Lymphedema Overview

What is Lymphedema?
How to Recognize Lymphedema
Who is at Risk for Lymphedema?
What are the Complications of Lymphedema?
What is the treatment for Lymphedema?
What to expect during your initial visit

What is Lymphedema?

Lymphedema is a swelling that results from an abnormal accumulation of protein rich fluid in the tissues.  It occurs because of a malfunction of the lymphatic system. Lymphedema is a chronic condition for which there is currently no cure; however, it can be successfully managed if proper treatment is initiated.  Lymphedema is classified as either primary or secondary.

Primary (hereditary) lymphedema is the result of a congenital malformation of the lymphatic system. It can occur without obvious cause at any age.  It usually affects the lower extremities, and family history may play a role.

Secondary (acquired) lymphedema is due to a known cause such as trauma, surgery, or radiation involving the lymph nodes and vessels.

How to Recognize Lymphedema

The most common initial symptom is swelling. Jewelry and clothing may feel tighter.   Some may also experience numbness, stiffness or a feeling of heaviness in the affected area.    

Who is at Risk for Lymphedema?

Anyone who has undergone surgery with lymph node removal and/or radiation is at risk for developing lymphedema.  The condition can occur at any time.  Additionally at risk are those suffering from chronic venous insufficiency, severe obesity, or a family history of swelling in the lower extremities.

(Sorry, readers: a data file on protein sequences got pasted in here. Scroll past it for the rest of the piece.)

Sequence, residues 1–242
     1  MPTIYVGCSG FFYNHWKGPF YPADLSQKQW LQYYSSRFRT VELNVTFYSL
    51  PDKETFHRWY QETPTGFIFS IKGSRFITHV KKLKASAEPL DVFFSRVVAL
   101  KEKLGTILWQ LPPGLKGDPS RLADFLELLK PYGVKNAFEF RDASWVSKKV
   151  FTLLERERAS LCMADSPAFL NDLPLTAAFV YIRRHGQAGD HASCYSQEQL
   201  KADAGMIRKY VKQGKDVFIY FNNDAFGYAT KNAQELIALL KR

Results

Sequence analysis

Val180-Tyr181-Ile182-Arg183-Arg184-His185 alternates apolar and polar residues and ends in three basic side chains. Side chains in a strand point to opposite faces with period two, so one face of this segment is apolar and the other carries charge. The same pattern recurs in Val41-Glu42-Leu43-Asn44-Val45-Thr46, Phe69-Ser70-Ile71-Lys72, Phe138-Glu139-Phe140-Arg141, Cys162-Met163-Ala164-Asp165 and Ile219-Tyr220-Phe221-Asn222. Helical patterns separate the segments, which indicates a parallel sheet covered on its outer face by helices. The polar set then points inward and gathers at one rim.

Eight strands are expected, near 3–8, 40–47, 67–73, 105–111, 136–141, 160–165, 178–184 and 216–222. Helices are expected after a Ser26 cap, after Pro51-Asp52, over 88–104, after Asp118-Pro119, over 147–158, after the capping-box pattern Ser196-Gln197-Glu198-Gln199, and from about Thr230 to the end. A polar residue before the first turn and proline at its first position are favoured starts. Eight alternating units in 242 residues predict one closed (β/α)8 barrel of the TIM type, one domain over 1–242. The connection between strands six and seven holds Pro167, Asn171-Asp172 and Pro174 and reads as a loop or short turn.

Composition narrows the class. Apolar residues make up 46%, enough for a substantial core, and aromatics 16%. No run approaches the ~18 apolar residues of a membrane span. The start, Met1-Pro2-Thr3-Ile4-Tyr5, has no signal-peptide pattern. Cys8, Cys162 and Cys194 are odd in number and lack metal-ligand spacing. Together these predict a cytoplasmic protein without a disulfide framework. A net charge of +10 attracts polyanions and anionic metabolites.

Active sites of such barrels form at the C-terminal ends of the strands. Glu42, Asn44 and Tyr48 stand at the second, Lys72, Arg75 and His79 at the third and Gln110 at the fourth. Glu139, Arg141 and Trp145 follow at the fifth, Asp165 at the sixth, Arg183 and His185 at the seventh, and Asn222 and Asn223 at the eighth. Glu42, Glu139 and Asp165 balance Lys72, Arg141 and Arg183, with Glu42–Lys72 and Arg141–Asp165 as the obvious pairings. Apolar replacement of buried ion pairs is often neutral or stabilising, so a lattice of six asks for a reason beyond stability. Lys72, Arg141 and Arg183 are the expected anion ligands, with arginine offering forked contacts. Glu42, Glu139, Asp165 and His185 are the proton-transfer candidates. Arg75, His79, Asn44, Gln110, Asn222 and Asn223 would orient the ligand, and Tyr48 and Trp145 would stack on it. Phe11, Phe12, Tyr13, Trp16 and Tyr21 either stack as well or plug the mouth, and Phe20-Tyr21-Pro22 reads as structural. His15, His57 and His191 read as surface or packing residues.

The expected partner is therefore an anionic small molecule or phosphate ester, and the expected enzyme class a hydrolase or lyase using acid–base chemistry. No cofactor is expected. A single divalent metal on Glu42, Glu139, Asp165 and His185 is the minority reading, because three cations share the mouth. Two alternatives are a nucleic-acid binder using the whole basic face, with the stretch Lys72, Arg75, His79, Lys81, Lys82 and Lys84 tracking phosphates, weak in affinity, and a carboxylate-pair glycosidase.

What are the Complications of Lymphedema?

The most serious complication is a skin infection called cellulitis, which commonly presents as redness, heat, achiness or flu-like symptoms.  Other complications are loss of strength, functional disability, pain and cosmetic deformity. 

What is the treatment for Lymphedema?

The most effective treatment for lymphedema is Complete Decongestive Therapy (CDT).  This treatment involves several steps. 

Manual Lymph Drainage (MLD) involves specific movements stimulating the lymphatic system to help evacuate fluid from the edematous limb. It is very relaxing and pleasant for the patient.

Compression through bandaging or garments usually follows the MLD treatment to keep the fluid from re-accumulating. 

Exercises are performed while the limb is compressed, which further enhances lymphatic drainage.  An individualized exercise program is reviewed with the therapist.

Instructions in self care, including skin care, are important steps to prevent the complications of lymphedema. Self care prepares the individual for independent management of his or her condition.

In summary, the goal of CDT is to reduce the edema, restore function, improve cosmetic appearance and to teach the patient to be as independent as possible and to be in control of the lymphedema.

What to expect during your initial visit

The goal of the first visit is to get acquainted with the therapist who reviews your medical history and discusses a plan of care.  Duration and frequency of treatment, including the patient’s participation, will be addressed at that time.